7. LuvinMyPeeps

    LuvinMyPeeps Chillin' With My Peeps

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    I do too! It it's any consolation, I was *snubbed* yesterday by my Delaware. (I know this is kind of stupid, but it hurt my feelings!) She kept running away and I was in a stubborn mood so I grabbed her and sat down with her, but she kept trying to wriggle away. [​IMG] Today I held out some treats and she tentatively started to come to my hand, but then shied away when I moved. I finally gave up, went inside their run and snatched her up (slowly). I've found if you try to grab them from above they get skittish, but if you move your hand underneath their bellies very slowly and then kind of lift them up, they don't get so scared. That seemed to work better today. She still wasn't super happy that I was holding her, but after about 15 minutes of stroking her head and shoulderblades she started relaxing and blinking her eyes slowly and hopefully realizes that I wasn't the devil [​IMG]. (This was around 3 pm during the day). I guess just keep trying over and over until she gets tired of you and realizes you bring the 'good stuff'! I think consistency is the key. Try to do it everyday. I am trying to hold each of my girls daily so they'll get used to me.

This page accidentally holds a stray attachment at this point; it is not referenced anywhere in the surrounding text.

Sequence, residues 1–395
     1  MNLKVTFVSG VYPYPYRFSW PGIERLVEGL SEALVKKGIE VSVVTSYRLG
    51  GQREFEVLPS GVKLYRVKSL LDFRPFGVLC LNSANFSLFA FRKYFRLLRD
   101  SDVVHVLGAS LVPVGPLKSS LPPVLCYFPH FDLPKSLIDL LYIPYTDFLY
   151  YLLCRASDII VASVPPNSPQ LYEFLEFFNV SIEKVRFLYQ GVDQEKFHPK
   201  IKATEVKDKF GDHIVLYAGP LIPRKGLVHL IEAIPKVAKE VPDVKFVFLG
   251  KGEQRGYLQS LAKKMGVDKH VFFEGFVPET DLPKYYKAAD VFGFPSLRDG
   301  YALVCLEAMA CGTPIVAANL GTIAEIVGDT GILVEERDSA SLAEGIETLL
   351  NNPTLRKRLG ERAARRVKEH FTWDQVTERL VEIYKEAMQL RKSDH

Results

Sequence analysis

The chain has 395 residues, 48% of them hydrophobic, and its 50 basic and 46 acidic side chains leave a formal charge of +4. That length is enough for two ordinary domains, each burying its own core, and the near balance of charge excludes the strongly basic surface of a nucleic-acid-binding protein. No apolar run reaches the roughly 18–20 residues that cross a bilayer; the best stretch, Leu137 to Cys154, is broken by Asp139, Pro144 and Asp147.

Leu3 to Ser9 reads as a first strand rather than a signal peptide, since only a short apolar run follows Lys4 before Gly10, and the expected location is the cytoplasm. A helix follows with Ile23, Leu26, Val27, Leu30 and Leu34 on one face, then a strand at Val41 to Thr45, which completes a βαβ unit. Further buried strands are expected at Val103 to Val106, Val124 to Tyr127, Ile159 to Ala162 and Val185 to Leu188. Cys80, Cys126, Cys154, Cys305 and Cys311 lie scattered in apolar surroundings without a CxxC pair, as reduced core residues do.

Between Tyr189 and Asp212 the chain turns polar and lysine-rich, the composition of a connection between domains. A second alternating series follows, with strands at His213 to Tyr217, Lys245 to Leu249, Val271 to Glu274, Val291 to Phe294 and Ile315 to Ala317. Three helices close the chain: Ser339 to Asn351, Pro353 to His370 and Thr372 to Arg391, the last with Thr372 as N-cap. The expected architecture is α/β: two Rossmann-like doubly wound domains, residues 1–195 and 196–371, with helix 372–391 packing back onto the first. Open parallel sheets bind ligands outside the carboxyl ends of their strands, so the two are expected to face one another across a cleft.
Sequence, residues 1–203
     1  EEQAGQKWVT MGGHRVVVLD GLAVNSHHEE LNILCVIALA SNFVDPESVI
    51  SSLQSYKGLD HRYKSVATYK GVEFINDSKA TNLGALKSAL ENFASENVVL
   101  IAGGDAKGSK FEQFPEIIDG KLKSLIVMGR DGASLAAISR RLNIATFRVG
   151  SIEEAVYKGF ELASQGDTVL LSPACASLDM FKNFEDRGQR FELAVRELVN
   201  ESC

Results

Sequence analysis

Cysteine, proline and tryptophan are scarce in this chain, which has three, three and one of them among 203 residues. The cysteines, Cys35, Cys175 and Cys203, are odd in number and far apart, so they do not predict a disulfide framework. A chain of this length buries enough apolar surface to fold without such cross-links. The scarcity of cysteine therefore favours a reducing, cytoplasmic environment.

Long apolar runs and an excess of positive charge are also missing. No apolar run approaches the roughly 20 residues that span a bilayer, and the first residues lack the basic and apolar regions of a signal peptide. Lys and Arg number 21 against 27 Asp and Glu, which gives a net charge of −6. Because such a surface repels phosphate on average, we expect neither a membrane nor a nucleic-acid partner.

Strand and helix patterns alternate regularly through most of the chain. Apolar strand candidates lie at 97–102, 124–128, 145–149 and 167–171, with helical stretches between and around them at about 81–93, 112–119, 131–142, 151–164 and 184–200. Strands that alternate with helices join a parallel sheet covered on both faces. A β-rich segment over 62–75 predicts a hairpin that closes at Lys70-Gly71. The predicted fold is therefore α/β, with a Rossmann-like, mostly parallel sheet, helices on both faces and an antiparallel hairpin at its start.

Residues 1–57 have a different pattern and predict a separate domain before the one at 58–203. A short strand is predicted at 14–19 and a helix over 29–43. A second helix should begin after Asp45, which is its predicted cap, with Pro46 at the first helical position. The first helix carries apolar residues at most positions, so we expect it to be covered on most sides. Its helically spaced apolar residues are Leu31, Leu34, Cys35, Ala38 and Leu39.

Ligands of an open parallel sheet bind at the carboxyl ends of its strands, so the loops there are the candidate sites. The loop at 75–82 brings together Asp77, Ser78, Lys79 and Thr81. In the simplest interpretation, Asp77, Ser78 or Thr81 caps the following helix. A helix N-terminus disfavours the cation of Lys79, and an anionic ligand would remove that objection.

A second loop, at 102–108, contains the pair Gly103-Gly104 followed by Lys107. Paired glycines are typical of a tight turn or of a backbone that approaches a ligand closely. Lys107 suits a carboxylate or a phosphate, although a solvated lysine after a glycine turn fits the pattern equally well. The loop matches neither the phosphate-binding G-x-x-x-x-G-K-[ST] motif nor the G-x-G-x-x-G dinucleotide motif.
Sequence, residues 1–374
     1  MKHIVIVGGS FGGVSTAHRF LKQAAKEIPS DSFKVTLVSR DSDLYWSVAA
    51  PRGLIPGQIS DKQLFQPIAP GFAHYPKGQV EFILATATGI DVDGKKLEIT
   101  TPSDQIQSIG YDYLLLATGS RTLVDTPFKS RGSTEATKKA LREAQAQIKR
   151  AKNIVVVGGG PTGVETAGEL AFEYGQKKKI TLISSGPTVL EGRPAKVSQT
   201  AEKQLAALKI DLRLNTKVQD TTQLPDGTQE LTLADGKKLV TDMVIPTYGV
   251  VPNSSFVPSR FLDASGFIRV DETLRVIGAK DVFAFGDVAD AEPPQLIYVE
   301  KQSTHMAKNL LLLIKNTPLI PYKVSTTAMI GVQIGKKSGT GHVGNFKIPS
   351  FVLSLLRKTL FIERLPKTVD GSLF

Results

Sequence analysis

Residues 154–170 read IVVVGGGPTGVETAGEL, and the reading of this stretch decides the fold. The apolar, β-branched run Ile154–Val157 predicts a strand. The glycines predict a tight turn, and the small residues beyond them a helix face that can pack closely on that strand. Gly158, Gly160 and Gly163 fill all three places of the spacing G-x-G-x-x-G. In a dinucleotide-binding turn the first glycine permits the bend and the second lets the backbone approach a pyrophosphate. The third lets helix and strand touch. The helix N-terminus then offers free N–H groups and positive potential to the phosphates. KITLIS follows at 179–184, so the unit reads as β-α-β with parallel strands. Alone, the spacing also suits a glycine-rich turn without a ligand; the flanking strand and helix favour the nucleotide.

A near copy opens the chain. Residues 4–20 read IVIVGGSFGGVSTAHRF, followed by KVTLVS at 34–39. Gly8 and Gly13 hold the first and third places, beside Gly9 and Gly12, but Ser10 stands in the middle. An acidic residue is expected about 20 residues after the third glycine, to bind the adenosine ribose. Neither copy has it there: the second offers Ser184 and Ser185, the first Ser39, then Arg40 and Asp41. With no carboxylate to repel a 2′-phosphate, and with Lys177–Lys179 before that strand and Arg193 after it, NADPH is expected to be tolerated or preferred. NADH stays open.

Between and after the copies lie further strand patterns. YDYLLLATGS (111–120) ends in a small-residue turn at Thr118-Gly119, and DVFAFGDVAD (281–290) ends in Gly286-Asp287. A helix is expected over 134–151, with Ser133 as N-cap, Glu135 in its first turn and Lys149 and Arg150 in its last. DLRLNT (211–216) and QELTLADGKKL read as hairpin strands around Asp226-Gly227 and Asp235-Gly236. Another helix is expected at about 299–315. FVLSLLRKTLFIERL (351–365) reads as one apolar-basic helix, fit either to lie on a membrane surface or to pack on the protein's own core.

I know this is a wierd idea, but have you tried singing? That worked with one of my babies....I had to giggle...the thought of anyone hearing me sing to a chicken....oh brother!!!
     
  8. gritsar

    gritsar Cows, Chooks & Impys - OH MY!

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    Quote:Chickens are very much monkey see, monkey do. What's liable to happen is that one will take a chance on jumping up in your lap, the others will watch and take note that the brave one didn't die a horrible death from getting up there, so they'll work up the courage too. Food is the best motivator for chickens.
    I used to worry about whether my chickens liked me or not. Now they follow me around and I take secret quilty pleasure in the fact that they ignore my SO; well except for Lilith who is convinced all humans are made of food and will give some up if they bug 'em long enough. The reality is that most chickens just love food and they tolerate us humans and even humor us with hugs and petting because they can't drive to the feed store.
     
  9. meissel

    meissel Out Of The Brooder

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    Jul 23, 2008
    Goodview, VA
    Thank you Gritsar! Brownie jumped up in my lap today and took the worms. I was able to stroke her lightly a few times. I see how this can work out now. You're a genius! Thanks.
     
  10. debilorrah

    debilorrah The Great Guru of Yap Premium Member

    Honestly I think grabbing them at night would scare the peewaddin outta the poor things. I go in there at night to get them used to me, but I only pet the ones that don't back away. I have had them almost 3 weeks, and there are two that let me pet them regularly. The roo is wary, but calm and he lets me pet him too. I hae only been able to catch one of the hens, and after that she was afraid of me. So be patient.... Easier said than done!!